Sixth Form Curriculum
Sixth Form Curriculum Overview
To ensure students at Oak Grove College have opportunities to progress in their personal targets they are provided with a broad curriculum which includes:
Core skills, home skills, personal development, community skills and work skills.
There is also a concentrated focus on Transition throughout the programme.
Out of all the Core Skills, Communication is fundamental to the participation and progression of the majority of the learners. As such it is central to all aspects of the curriculum. For students with more complex needs staff work in close partnership with the SaLT team and home to build communication development into their individual programmes. We also ensure there is ample opportunity for all students to develop their communication in making choices, voicing preferences, making requests, responding to instructions working with a variety of communication preferences including use of signing, PECs and Grid player.
The Core Skills of Maths, English and ICT are also embedded throughout the programme. Students are found to engage more with this learning when taught in real life contexts and it aids generalisation of these skills. For example in Home Skills sessions students work on their money handling and budgeting as well as their communication skills when out shopping. When preparing food they work on counting and measuring skills as well as following verbal instructions and/or reading instructions.
These sessions enable students to develop skills that will prepare them for taking care of themselves. They plan what they want to eat, prepare shopping lists, estimate costs and then purchase the items to be cooked. They look at how food is stored properly and develop skills in preparing meals. Students will also engage in housekeeping skills such as hoovering, cleaning and ironing.
Students are given a variety of opportunities to learn to access and use the community safely and appropriately. They learn how to use local services and leisure facilities as well as eating and drinking places by practising and developing appropriate communication and behaviour. Depending on levels of support need, students access the community either by being transported in the college minibus or are accompanied or by staff on local public bus routes. Staff work in partnership with families in moving students on to more independent travelling when they feel ready and can demonstrate use of mobile phone, stranger awareness and road crossing skills.
Personal development runs throughout the curriculum both in and outside of class where self advocacy, decision making and resilience are constantly encouraged and there is an emphasis on developing maturity becoming an adult. For some students the emphasis will be on self-care and personal hygiene.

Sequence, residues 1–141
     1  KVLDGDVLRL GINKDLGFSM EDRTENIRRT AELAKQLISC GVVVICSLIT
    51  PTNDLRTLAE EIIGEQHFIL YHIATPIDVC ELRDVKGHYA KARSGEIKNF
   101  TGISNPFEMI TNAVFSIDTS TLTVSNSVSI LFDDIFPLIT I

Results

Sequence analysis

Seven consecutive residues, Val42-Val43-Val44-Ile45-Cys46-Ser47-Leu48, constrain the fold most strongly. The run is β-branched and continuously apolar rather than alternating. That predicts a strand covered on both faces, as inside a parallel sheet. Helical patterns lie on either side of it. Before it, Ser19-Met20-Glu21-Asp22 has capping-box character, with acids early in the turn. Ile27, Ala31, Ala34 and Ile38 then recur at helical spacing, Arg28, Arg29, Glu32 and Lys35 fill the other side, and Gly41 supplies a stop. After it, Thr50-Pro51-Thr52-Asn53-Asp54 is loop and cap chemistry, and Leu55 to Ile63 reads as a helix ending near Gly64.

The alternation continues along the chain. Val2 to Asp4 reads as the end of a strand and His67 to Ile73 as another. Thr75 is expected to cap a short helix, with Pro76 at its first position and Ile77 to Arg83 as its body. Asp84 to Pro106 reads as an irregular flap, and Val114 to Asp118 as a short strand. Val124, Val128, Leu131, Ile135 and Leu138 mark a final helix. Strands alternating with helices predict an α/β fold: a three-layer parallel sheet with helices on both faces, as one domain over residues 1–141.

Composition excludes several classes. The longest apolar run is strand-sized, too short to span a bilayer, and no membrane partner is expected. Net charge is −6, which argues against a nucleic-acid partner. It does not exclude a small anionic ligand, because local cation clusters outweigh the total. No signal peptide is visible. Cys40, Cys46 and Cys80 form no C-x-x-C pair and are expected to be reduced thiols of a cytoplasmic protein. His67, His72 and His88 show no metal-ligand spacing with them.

Students also have formal assemblies and sessions where they are encouraged to take responsibility for themselves and for those around them. They explore own interests and are involved in choosing targets for self-development. Students also develop community responsibilities through participation in Youth Parliament elections, in raising money for charities and through the annual Sixth Form Plant Sale and Cafe.
Students are also provided with formal, small group and 1:1 support to explore issues surrounding sex and relationships within a context appropriate to the individuals involved.
Student interests that they may wish to pursue into adulthood are also developed through a variety of learning and leisure options on offer. These vary year on year but have included choices from art, photography, drama, music, Duke of Edinburgh and horticulture.
Students are provided with a variety of opportunities to develop the generic skills needed to carry out structured tasks and activities in the workplace. As appropriate to their level of learning this will range from simple focus on following of instructions within sessions, through formal sessions in Enterprise and Work Related Learning to individual work experiences arranged either within Oak Grove or in the wider community. Formal Work Related Learning sessions include working in the college cafe, construction in the college garden, manufacture of items to sell, working on a variety of media projects to promote college activities and animal care at Lancing College. Work experience is organised by the co-ordinator and is based as closely as possible to individual interests. It is typically arranged for one day a week over a period of time to give the young person the chance to build their confidence week on week.
At the beginning of their course students will be assessed to see which skills they need to develop to help them succeed in their next stage once they leave Oak Grove College. They will be assessed using the school’s own ‘Pathways’ mapping tool which looks at the following areas:
- Money handler
- Time Teller
- Effective Communicator
- Self director
- Relationships Manager
- Meal Maker
- Independent Traveller
- Safety Follower
Students are set individualised targets from these areas and individual progress is regularly monitored.
Throughout their subjects students will also undertake units from a variety of Awarding Bodies such as ASDAN and Open Awards at either Pre-Entry, Entry 1, 2 or 3 or Level 1. These units will cover a mix of personal development and employability skills and core skills.